The Oregon State Police reported Monday that there were no fatal traffic crashes in the state during Super Bowl weekend, which is considered one of the most dangerous times to be on the road due to impaired drivers.
Between midnight Friday and 6 a.m. Monday, the agency reported 43 DUII arrests, up from 31 reported arrests during the same event last year.
In 2013, two people died in two separate fatal traffic crashes in Oregon, one of which was alcohol-involved. Over the last eight years, 16 people have died in traffic crashes on state roadways during Super Bowl weekend. According to the National Highway Traffic Safety Administration, impaired drivers contribute to Super Bowl Sunday status as one of the more dangerous days for travel. Nationwide, approximately 48 percent of traffic fatalities on the Sunday of the event involve a driver or motorcycle operator with a blood alcohol concentration of .08 percent or higher.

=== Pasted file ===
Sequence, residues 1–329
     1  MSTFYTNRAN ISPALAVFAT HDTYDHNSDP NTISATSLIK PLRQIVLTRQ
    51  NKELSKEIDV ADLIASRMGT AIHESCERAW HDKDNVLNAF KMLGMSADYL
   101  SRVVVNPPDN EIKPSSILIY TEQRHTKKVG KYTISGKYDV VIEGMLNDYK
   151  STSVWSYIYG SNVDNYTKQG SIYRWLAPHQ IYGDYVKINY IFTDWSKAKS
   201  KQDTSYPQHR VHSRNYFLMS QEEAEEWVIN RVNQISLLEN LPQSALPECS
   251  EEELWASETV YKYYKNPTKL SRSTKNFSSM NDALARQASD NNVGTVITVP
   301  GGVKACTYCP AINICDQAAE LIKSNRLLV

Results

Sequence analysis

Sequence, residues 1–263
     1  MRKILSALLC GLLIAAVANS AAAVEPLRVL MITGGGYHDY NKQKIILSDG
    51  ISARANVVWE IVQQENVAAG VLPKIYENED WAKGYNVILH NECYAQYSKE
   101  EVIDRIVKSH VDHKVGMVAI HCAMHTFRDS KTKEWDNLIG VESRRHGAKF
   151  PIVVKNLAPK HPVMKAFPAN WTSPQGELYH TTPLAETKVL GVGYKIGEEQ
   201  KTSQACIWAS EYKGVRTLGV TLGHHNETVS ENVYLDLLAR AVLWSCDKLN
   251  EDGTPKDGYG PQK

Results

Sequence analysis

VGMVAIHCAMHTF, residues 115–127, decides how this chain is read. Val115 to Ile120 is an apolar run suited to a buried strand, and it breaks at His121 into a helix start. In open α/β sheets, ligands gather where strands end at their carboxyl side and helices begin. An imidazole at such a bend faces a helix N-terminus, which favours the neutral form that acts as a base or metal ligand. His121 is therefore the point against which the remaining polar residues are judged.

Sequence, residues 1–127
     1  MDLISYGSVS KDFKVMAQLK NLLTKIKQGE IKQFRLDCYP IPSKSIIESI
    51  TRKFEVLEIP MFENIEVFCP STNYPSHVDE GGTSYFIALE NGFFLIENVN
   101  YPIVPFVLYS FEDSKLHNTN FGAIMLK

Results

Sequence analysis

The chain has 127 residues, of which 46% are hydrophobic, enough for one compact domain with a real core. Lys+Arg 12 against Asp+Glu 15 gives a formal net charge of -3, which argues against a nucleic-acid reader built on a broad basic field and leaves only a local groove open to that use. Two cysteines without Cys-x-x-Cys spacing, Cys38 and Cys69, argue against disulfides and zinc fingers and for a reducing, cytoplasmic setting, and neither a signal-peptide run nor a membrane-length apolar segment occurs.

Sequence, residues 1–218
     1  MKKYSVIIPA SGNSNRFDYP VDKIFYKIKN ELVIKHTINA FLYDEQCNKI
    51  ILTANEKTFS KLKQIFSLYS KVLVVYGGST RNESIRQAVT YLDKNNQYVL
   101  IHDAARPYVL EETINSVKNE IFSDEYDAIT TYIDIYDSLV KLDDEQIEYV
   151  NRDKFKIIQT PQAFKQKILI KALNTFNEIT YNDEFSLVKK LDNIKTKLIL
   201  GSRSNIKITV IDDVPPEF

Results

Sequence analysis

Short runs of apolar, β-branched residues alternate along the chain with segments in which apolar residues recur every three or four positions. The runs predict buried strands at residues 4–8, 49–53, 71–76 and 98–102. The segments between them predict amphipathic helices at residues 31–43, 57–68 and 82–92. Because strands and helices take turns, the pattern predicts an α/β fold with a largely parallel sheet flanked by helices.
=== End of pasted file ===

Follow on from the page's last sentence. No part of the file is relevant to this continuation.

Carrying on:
Since 2007, OSP troopers have arrested over 300 DUII drivers during Super Bowl weekends. Preliminary statistics reported for OSP offices this year with two or more arrests during the nationwide effort to remove impaired drivers from the road:
• Portland Area Command - 7 DUII arrests
• Springfield Area Command - 7 DUII arrests
• Albany Area Command - 4 DUII arrests
• Astoria Area Command - 3 DUII arrests
• Salem Area Command - 3 DUII arrests
• Central Point Area Command - 3 DUII arrests
• Grants Pass Work Site - 3 DUII arrests
• Bend Area Command - 2 DUII arrests
• Coos Bay Area Command - 2 DUII arrests
• Klamath Falls Area Command - 2 DUII arrests
OSP, Oregon State Sheriffs' Association, Oregon Association Chiefs of Police and the Oregon Department of Transportation issued a “thank you” Feb. 3 to “everyone who made the right call and placed the keys in the hands of a designated sober driver.”